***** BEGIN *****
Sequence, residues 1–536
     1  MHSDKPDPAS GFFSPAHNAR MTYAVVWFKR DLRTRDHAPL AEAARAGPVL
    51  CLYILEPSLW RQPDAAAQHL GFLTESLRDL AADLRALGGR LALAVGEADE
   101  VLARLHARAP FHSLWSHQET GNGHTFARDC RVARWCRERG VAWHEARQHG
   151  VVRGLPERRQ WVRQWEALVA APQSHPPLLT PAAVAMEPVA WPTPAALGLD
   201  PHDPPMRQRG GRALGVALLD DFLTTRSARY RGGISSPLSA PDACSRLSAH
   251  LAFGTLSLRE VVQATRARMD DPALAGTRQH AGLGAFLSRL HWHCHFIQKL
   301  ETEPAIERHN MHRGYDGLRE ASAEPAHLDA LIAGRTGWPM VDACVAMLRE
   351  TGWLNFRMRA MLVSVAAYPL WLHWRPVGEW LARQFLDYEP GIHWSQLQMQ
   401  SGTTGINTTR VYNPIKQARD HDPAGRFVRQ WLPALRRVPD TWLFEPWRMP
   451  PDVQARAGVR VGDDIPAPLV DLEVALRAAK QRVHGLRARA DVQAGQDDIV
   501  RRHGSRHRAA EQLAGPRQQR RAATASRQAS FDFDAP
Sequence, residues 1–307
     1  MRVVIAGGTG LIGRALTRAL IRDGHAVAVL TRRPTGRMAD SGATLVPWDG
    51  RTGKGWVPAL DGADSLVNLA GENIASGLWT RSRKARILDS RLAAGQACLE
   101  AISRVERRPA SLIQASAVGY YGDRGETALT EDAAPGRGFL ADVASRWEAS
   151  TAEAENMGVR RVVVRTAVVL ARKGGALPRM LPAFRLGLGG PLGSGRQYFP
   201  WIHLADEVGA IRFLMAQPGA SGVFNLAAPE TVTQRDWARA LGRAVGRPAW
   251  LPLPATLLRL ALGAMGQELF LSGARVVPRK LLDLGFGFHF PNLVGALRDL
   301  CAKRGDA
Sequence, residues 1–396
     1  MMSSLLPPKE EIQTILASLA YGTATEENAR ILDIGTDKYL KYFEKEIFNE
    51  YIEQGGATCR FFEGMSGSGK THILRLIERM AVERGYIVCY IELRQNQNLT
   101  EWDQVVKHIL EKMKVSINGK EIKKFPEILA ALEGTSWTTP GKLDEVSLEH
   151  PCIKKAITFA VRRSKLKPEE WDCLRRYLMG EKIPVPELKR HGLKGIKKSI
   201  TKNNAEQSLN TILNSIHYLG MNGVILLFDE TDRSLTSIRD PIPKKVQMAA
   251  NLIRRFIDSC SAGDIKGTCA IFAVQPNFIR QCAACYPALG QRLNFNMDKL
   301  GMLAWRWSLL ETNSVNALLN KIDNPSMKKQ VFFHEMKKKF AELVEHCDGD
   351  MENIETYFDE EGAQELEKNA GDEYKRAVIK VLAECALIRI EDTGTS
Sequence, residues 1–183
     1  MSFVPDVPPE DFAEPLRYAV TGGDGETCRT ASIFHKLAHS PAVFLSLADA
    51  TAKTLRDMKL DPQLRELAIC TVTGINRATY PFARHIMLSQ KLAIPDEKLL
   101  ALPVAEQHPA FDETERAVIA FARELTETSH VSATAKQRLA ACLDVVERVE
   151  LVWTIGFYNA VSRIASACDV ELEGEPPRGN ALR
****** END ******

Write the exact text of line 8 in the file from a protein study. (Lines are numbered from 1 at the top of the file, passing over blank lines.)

   301  ETEPAIERHN MHRGYDGLRE ASAEPAHLDA LIAGRTGWPM VDACVAMLRE